Oh my god. How was this THIS good? This book shouldn’t have been this good. The premise sounds insane. A retelling of The Tempest where our Prospero is an exiled theater director setting his own (previously thwarted) adaptation of The Tempest in a corrections facility. It’s the definition of Should Not Work.
Not only does it, it’s one of her best.
Atwood intelligently uses meta text throughout the book, which made this (more than the other Hogarth Shakespeare I’ve read so far) feel more like interpretation rather than a simple retelling of the play. Willie Shakes does love his plays within plays, and having her own Tempest revolve around a staging of The Tempest is clever. Clever can read as preciousness or gimmicky, but it’s Margaret Atwood and we’d be fools to doubt.
The book isn’t just metatextual, it’s practically a fractal; Atwood posits herself as Prospero as surely as her protagonist Felix casts himself in the role. When Felix teaches his students that the magician is imprisoned in the play itself Atwood shows herself to likewise be a Prospero herself. Felix’s questionable choices and intermittent flirtations with bad taste are Atwood’s, but like Felix, the ridiculous pieces look less so on stage when woven into a cogent whole.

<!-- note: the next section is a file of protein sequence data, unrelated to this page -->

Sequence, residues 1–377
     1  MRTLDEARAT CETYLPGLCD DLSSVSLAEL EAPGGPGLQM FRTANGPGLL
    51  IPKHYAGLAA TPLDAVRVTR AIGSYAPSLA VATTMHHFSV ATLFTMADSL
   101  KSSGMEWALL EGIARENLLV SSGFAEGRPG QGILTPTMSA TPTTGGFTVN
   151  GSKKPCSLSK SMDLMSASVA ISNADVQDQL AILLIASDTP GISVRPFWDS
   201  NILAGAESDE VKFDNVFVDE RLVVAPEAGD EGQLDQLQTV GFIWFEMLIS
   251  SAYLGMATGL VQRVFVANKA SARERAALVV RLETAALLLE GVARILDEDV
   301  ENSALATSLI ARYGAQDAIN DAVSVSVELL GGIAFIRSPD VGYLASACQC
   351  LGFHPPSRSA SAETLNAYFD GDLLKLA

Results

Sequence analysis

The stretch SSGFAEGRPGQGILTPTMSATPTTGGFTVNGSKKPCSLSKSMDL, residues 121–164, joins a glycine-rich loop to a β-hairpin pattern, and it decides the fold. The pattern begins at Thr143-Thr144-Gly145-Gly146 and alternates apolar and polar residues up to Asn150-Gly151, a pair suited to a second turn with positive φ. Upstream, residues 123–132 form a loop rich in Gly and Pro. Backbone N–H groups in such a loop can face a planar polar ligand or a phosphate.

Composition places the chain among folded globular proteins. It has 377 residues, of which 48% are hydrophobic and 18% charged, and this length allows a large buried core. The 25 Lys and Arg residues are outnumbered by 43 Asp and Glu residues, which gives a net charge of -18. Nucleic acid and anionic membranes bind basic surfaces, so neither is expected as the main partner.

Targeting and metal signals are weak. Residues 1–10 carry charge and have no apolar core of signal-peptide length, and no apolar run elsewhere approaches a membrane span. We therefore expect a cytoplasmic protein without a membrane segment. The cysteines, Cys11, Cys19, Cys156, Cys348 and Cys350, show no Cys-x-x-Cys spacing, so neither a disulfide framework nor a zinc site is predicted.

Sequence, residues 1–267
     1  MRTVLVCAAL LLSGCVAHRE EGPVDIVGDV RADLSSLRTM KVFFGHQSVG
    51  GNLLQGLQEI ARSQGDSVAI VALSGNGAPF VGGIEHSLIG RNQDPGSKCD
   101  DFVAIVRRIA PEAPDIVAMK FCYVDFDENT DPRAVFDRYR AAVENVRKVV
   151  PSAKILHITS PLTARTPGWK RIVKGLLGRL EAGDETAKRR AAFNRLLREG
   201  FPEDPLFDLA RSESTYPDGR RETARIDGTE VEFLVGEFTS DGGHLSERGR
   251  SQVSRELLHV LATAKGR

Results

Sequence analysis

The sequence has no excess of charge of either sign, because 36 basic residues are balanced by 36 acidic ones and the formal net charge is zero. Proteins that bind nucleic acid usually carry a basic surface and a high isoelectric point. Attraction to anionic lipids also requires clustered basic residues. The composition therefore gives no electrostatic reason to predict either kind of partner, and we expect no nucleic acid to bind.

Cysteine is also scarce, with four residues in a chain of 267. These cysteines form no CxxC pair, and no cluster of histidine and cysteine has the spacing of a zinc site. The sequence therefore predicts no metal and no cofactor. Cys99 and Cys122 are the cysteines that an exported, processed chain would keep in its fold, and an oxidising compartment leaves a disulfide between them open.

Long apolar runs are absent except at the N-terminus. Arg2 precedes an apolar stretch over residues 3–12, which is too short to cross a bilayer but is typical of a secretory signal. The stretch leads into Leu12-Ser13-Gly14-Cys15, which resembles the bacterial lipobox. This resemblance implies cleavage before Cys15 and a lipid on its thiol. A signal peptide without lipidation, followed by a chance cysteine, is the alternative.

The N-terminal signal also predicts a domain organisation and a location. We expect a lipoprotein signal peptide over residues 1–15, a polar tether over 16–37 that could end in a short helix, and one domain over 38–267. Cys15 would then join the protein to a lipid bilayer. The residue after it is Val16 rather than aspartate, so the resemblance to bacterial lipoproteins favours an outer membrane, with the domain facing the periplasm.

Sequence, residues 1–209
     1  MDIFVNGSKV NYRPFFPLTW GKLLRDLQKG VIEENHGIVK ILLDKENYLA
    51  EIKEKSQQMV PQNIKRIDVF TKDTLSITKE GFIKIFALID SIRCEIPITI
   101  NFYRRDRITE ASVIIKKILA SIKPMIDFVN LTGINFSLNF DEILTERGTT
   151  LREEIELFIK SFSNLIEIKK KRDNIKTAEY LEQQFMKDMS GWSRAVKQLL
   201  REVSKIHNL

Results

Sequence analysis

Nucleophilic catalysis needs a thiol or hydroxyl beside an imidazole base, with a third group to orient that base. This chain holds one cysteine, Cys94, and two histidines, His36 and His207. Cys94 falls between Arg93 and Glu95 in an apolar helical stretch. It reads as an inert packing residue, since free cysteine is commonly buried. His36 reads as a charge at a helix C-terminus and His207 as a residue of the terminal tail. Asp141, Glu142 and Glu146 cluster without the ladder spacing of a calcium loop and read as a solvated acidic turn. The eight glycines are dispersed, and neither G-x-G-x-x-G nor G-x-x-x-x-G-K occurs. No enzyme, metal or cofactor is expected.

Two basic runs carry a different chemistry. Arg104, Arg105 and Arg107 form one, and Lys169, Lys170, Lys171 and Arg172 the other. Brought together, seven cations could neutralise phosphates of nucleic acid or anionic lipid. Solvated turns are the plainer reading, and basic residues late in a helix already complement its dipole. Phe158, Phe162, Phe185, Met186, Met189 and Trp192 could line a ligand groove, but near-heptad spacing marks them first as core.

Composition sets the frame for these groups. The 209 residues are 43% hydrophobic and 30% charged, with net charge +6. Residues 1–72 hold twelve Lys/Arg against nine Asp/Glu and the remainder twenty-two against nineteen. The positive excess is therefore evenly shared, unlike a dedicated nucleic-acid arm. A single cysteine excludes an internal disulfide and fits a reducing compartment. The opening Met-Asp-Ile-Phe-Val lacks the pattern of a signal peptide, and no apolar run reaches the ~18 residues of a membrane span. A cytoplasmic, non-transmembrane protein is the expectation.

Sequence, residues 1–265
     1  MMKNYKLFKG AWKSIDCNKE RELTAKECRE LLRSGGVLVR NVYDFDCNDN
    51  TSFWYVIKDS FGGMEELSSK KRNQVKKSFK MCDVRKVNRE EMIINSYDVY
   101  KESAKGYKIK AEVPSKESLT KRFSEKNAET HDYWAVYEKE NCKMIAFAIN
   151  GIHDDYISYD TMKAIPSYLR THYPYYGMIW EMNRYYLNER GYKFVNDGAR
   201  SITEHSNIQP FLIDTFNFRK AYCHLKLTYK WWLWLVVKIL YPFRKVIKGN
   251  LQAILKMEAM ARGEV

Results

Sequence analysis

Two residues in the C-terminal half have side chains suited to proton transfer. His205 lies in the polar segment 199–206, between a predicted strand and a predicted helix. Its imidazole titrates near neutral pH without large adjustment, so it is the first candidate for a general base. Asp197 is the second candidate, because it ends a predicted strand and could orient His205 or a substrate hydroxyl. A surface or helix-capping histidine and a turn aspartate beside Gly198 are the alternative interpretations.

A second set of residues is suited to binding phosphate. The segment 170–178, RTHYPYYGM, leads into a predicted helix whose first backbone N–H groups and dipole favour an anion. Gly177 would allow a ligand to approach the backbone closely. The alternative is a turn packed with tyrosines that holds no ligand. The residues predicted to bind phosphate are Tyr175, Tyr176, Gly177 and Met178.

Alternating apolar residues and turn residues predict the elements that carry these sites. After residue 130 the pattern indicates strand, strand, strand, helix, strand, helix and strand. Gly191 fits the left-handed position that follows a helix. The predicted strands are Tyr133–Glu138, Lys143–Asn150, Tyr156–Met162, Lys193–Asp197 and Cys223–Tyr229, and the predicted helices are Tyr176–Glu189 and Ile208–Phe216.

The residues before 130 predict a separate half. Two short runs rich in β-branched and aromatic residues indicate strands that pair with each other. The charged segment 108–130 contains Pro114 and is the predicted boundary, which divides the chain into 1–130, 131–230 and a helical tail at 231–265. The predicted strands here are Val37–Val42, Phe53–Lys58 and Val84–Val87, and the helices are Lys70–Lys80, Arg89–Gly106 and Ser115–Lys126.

I’m doing a poor job of explaining, but trust me, it’s brilliant. There’s so much to unpack, and I feel like I need to reread it to really get all the nuances, but seeing as I nearly cried at the end, I need to let it breathe.